William & Mary

Libya's message to the world: Freedom triumphs over evil

  • Freedom's call
    Freedom's call  H.E. Mr. Ali Suleiman Aujali (l), Ambassador Extraordinary and Plenipotentiary of Libya to the United States of America, addresses a crowd on the William & Mary campus about Libya's transition to democracy. Stephen Hanson (r), vice provost for international affairs and director of the Reves Center for International Studies moderated the discussion.  Photo by Stephen Salpukas
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For more than four decades and despite numerous attempts to remove him from power, Muammar Gadhafi ruled Libya with a iron fist.

But last February, Libyans authored an epic uprising against Gadhafi. In March, they established a transitional government in Benghazi and, with assistance from a NATO-led coalition, eventually took control of the country. In October, Gadhafi was killed near his hometown of Sirte. His son, Saif al-Islam, was recently captured and awaits trial.

A land that once was overwhelmed with fear is now enjoying -- and dealing with the challenges of -- freedom.

“I never dreamed in my lifetime that Gadhafi would be removed by the Libyan people,” said His Excellency Mr. Ali Suleiman Aujali, Ambassador Extraordinary and Plenipotentiary of Libya to the United States. “If you had asked me on the 15th of February whether anything was going to happen in Libya, I would have confidently told you no, because for the last 42 years Gadhafi proved that he would not forgive anyone who came forward, let alone walk in the streets.

“I am confident that we will build the Libya we dreamed of.”

Libyan Amb. Ali Suleiman Aujali (l) and Aly AbuzaakoukAujali was speaking Sunday to a standing-room crowd of approximately 250 at the College of William & Mary’s School of Education during a panel discussion on Libya’s transition to democracy. Joining Aujali was Mr. Aly R. Abuzaakouk, executive director of the Libya Forum for Human and Political Development and vice president of the Minaret of Freedom institute, and Ms. Chadia Mansour, Arabic instructor of modern languages and literatures at the College.

The event was co-sponsored by William & Mary and the Libya El Hurra Charity, a non-profit, non-governmental organization founded in February 2011, within the first week of the demonstrations in Libya. It provides support to displaced individuals who fled the conflict as well as to impacted communities in Libya and Tunisia.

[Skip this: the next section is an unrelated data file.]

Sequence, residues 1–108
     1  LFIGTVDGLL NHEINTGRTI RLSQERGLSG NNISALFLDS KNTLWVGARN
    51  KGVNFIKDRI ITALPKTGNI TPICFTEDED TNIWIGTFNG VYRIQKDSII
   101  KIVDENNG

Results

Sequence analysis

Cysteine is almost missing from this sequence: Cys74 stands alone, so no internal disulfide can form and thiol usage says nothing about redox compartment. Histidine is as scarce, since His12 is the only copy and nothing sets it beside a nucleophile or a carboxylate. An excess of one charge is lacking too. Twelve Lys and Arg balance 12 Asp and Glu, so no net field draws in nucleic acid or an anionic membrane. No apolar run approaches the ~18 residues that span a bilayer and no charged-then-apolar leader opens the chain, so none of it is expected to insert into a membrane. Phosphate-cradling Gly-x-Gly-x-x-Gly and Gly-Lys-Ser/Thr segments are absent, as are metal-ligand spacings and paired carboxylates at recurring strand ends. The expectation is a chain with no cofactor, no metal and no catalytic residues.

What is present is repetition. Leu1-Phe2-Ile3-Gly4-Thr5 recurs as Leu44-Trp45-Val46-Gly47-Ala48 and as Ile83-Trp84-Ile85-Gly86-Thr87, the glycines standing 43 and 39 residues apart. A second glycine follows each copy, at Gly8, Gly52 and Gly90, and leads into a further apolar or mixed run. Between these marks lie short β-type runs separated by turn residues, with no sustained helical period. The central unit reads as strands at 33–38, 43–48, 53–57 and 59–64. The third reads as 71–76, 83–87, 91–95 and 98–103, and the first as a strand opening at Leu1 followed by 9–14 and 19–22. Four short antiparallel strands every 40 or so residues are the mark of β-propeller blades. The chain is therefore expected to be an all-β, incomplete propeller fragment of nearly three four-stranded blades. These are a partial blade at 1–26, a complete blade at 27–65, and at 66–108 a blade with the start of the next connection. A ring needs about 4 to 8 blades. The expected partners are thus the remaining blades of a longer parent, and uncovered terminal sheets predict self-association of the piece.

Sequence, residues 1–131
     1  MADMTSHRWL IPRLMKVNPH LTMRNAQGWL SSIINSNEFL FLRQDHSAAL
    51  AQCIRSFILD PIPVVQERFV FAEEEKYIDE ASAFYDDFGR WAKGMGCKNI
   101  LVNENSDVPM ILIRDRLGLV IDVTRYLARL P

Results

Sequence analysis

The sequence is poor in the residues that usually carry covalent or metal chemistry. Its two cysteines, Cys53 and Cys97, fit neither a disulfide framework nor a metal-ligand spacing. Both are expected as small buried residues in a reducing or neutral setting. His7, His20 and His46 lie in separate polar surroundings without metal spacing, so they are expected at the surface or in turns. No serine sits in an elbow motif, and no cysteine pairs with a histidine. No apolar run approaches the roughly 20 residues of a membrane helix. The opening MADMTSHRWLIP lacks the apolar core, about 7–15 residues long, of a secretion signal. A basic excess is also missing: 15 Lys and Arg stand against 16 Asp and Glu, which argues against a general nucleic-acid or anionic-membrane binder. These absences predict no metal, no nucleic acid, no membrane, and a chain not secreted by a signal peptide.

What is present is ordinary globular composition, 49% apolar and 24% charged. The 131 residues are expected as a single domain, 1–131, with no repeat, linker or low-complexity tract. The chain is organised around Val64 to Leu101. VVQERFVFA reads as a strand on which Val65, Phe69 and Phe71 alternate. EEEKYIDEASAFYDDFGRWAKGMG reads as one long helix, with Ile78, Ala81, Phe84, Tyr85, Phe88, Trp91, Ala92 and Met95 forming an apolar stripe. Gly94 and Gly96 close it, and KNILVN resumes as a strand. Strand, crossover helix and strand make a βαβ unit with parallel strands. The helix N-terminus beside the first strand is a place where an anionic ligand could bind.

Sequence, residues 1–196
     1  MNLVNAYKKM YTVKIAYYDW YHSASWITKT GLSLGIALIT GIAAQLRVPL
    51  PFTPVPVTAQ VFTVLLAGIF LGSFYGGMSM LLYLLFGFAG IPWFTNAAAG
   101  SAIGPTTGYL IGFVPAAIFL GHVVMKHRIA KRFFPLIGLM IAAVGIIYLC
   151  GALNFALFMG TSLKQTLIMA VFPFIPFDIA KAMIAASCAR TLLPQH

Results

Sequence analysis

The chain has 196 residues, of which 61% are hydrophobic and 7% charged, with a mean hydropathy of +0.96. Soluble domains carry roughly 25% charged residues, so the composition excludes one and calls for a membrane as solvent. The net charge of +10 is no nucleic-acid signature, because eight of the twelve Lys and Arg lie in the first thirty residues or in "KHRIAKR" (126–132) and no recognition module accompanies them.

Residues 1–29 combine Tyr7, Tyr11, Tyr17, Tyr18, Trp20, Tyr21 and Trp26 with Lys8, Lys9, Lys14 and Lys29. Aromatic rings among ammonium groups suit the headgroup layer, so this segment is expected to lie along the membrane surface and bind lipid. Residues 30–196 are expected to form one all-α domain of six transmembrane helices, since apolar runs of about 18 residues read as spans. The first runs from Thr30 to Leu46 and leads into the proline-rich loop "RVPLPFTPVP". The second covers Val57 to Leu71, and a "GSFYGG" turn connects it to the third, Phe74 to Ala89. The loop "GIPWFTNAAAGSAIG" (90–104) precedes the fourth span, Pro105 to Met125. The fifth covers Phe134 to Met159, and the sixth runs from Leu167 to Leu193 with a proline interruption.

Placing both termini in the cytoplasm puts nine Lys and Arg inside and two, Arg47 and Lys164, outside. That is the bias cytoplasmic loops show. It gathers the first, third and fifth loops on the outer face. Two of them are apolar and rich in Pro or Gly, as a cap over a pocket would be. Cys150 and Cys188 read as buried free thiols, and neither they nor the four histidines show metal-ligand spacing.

Moderating the discussion was Stephen Hanson, vice provost for International Affairs and director of the Wendy and Emery Reves Center for International Studies at the College of William & Mary.

Building the country dreamed of by long-suffering Libyans won’t be easy. There is no army. The search is on for the assets Gadhafi has hidden in banks throughout the world. Families who have been devastated by the murder of 6.5 million people must heal.

The interim Transitional National Council, a non-elected body, has been in place since March, but how it will continue to develop – and what it will develop into – remains in question. A constitutional assembly will be elected, but at the moment, there is no procedure for handing over all governing powers.

 “Gadhafi left us with nothing,” Abuzaakouk said, “but that is a blessing because we are starting everything from scratch. We don’t have any burden to carry on our shoulders. There is no bureaucracy now.Instructor of Arabic Chadia Mansour

“We hope that within five years you will see the education, technology, human rights, and democracy flourish in Libya, that Libya will become a beacon of hope for its neighbors.”

Aujali added: “The government has to work very hard to make things happen, to make a great difference between the old regime and the new regime. The Libyans are very desperate, but are very different from February.

With Gadhafi’s son and many other members of his regime in custody, Libya strongly desires the chance to bring them to trial without outside interference.

“We want to show the world that the Libyan justice system can be fair and give them all the amenities they need,” Abuzaakouk said. “The world at large can come watch and observe. We want to give justice for others who never gave us justice. We do not want to act like them because we are not like them. We are people of civility.”

Aujali resigned as the ambassador of Gadhafi's government to the U.S. in February in order to represent the opposition in Washington. The U.S. State Department ordered the Libyan embassy to be closed last March, but in August allowed Aujali to re-open it under the new Libyan flag, and accredited Aujali as the head of the Libyan mission.

Panelist Aly AbuzaakoukMeanwhile, Abuzaakouk, a former college professor who was tortured under the Gadhafi regime, is working to spread democracy from the ground up – and is receiving unprecedented support. When Benghazi was liberated, he went to the Transitional National Council and offered to begin educating Libyans about democracy. He received permission that same day.

Since then, he has organized 12 workshops “from the eastern part of Libya to the western part of Libya.” Each workshop is open to about 30 people – men and women dedicated to and anxious for a new way of living.

“After each workshop, I give a public lecture for each city and area about democracy and the road to democracy,” he said. “It is amazing the number of people who come and the enthusiasm of the people.
“This new spirit of Libya is something I hope can be used to create a national reconciliation. Gadhafi used certain areas to fight other localities; he created animosity among the people of Libya. Among our most challenging issues is how to reconcile with each other. We have to learn from the lessons of the Great Prophet how to forgive – but not forget.”